Prince George’s County Public Schools officially sues Facebook, TikTok, and Snapchat

Prince George's County Public Schools has officially filed a lawsuit against several major social media companies.

School officials say apps like Facebook and TikTok are contributing to a student mental health crisis and the rise in cyber-bullying. 


Last week, PGCPS chose several law firms, including Lieff Cabraser Heimann & Bernstein to represent the school in the case. Meta, Google, ByteDance, and Snap Inc. were all named in the lawsuit.

"Our primary goal is to ensure the safety and well-being of our children, allowing them to learn and receive the highest quality education possible," said Judy Mickens-Murray, the PGCPS school board chair in a statement. "Unfortunately, students in our district and throughout the nation are confronting unparalleled mental health and learning challenges caused by their addiction to social media, intensified by detrimental algorithms and features. It is imperative that these companies take responsibility for their role in this crisis affecting our youth."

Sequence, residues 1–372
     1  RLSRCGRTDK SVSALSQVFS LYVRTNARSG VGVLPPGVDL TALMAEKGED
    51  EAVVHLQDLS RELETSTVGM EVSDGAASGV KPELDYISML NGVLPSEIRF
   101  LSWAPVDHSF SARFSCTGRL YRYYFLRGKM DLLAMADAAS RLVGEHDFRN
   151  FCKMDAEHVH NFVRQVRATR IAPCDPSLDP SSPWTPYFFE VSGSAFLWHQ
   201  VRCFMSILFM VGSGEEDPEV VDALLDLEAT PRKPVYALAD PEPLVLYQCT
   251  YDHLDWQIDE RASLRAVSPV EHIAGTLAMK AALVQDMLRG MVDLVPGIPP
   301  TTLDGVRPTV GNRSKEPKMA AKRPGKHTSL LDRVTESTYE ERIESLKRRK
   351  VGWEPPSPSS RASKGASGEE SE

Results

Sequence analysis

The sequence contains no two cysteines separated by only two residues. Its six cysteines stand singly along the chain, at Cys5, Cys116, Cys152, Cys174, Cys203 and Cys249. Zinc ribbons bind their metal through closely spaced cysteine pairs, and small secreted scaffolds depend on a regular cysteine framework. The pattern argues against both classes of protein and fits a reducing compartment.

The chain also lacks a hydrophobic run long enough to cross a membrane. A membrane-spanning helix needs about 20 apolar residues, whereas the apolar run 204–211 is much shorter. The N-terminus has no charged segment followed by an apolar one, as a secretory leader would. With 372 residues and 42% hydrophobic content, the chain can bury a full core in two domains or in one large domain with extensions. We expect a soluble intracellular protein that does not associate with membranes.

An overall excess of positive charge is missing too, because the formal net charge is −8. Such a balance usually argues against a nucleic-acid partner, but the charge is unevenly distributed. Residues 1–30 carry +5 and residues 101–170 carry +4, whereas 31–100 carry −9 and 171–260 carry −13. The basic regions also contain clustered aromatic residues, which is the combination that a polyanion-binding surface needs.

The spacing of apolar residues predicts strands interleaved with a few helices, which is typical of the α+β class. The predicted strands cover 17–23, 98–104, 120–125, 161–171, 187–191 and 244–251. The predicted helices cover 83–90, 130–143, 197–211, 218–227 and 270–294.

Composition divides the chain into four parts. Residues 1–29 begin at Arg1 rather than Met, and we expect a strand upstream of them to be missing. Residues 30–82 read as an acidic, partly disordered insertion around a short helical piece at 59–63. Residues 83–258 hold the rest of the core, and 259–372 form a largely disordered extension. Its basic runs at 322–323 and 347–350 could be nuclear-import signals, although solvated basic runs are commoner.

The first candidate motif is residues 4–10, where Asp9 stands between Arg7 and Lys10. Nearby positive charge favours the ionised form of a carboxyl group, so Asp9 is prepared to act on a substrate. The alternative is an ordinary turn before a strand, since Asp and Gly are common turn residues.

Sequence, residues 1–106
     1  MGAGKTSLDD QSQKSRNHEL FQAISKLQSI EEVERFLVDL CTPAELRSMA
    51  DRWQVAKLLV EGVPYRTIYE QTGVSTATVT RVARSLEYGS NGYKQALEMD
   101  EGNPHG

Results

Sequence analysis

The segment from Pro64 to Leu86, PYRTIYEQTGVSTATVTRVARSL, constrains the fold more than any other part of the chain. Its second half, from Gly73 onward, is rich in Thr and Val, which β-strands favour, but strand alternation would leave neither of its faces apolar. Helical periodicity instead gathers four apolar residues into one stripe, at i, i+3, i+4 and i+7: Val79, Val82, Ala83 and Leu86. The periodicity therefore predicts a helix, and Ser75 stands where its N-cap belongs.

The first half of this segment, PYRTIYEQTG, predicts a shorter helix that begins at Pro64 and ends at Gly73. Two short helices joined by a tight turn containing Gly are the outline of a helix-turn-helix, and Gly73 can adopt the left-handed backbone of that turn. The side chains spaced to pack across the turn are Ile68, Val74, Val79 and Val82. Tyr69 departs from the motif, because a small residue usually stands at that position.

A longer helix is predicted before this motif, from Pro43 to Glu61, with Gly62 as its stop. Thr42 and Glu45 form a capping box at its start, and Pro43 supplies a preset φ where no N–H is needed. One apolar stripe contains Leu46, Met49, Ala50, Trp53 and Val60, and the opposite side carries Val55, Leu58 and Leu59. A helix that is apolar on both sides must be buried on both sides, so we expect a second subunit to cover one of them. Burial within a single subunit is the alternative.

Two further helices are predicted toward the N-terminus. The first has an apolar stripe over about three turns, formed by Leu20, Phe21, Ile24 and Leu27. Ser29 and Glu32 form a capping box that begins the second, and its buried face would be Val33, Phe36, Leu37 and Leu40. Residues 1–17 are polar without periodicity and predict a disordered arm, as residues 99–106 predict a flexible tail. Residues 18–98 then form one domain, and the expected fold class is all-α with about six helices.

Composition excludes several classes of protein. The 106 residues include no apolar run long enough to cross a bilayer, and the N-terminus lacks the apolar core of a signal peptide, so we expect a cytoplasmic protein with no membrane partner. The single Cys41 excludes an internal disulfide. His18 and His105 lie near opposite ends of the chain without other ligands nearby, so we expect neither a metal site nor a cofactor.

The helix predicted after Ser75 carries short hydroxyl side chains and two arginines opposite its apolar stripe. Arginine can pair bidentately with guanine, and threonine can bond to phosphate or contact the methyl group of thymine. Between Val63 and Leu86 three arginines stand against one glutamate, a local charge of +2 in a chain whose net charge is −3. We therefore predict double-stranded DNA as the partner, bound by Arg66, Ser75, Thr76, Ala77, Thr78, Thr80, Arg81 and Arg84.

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"School systems nationwide, including Prince George’s County, face the challenge of meeting student needs while delivering exceptional education and fostering a positive learning atmosphere," said Dennis Whitley, III, an attorney representing the school board. "Through this lawsuit, it is our hope to hold social media companies responsible for their role in the youth mental health crisis and to compensate Prince George’s County School District for the financial burden they have faced because of these defendants’ exploitative platforms."

Ivy Choi, a Google spokesperson, told FOX 5: "Protecting kids across our platforms has always been core to our work. In collaboration with child development specialists, we have built age-appropriate experiences for kids and families on YouTube, and provide parents with robust controls. The allegations in these complaints are simply not true."

The suit is filed in Northern California but school districts across the country have cosigned. One of those districts is in Cecil County, Maryland.